Court Approves Settlement with HHS Requiring Coverage For Maintenance Therapy Services [02-07-13]

Filed under: Industry Updates — Editor @ 9:58 am

Glenda JimmoA previous Marden Industry Update Post on November 12, 2012 reported on a proposed settlement with the U.S. Department of Health and Human Services (“HHS”) in a class-action lawsuit concerning Medicare coverage for medical rehabilitation services. The proposed settlement of the case, Jimmo et. al. v. Health and Human Services Secretary, was given final approval by Chief Judge Christina C. Reiss in the U.S. District Court in Vermont on January 24, 2013. Under the settlement HHS will be required to apply a revised standard when determining coverage for rehabilitation services.  This impacts all services settings including SNFs, outpatient clinics and home health.

The Jimmo case was a nation-wide class action in which over 10,000 plaintiffs joined, including thousands of individual Medicare beneficiaries whose claims for skilled nursing and therapy services were denied before January 18, 2011. The certified class of plaintiffs also included organizations such as the National Multiple Sclerosis Society, the Parkinson’s Action Network, the Paralyzed Veterans of America, and the National Committee to Preserve Social Security and Medicare.

Specifically, under the settlement, Medicare will be required to pay for skilled nursing and therapy services for beneficiaries if such services are needed to “maintain the patient’s current condition or prevent or slow further deterioration.” This new standard would replace the “Improvement Standard” that has purportedly been improperly utilized. Furthermore, federal officials have agreed to rewrite the Medicare manual so that it no longer contains language employing the “Improvement Standard.” The modifications to the Medicare manual will apply to the traditional Medicare program, as well as to private Medicare Advantage plans and to those who are 65 and older, as well as those who are 65 and under but qualify for Medicare because of a disability. Plaintiffs in the class action litigation will have an opportunity to have denied claims reviewed under the revised standard. Judge Reiss has retained jurisdiction to enforce this agreement for up to 4 years.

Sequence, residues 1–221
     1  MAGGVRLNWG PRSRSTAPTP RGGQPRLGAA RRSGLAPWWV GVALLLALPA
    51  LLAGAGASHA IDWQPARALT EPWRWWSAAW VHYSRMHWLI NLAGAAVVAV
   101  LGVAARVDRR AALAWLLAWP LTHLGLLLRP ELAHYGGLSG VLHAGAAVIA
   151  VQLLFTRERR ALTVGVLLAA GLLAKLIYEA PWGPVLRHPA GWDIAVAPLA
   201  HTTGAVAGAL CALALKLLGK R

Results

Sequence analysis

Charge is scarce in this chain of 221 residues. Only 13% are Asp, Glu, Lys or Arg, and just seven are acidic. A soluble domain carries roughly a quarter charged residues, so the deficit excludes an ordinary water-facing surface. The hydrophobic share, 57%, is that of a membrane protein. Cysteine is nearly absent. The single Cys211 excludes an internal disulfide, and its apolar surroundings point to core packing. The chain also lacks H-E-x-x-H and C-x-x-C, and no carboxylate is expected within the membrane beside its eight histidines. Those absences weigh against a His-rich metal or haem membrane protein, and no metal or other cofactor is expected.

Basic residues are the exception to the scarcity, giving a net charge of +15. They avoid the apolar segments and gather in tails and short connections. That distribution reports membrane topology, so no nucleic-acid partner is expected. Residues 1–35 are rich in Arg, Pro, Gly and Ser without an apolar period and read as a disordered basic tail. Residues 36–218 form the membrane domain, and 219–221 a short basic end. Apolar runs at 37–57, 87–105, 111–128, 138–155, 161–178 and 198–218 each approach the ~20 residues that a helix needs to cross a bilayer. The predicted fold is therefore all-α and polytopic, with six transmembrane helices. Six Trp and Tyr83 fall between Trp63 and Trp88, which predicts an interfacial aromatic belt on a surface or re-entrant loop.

Please note several things concerning the settlement:Judge Christina Reiss

First, CMS must now modify the Medicare Benefit Policy Manual as well as other relevant agency policies and guidelines, to ensure that Medicare coverage is provided for skilled maintenance services in outpatient facilities, skilled nursing facilities, and home health agencies. Thus far, CMS has not provided a time frame for making the necessary modifications although the settlement agreement contemplates that these activities be completed by next January.

Second, it is anticipated that CMS will undertake a nationwide campaign to educate parties responsible for making Medicare coverage determinations about the requirements of the settlement.

Third, even though CMS has not issued the requisite policy revisions, Medicare rights advocates such as the Center for Medicare Advocacy argue that beneficiaries with claims dating back to January 2011 will be able to have their claims reassessed under the new standard (The Jimmo lawsuit was filed in January 2011). These organizations encourage beneficiaries to appeal any claims lodged after that date that are denied on the ground that the services were maintenance therapy or because the patient was showing no improvement.

Fourth, the settlement does not change any other Medicare requirements governing rehabilitation services. For example, the settlement has no effect on the 100 days per benefit period limitation on care in a skilled nursing facility.

Fifth, the Center for Medicare Advocacy has “self-help packets” on its website to assist beneficiaries in appealing coverage denials based on maintenance therapy grounds.

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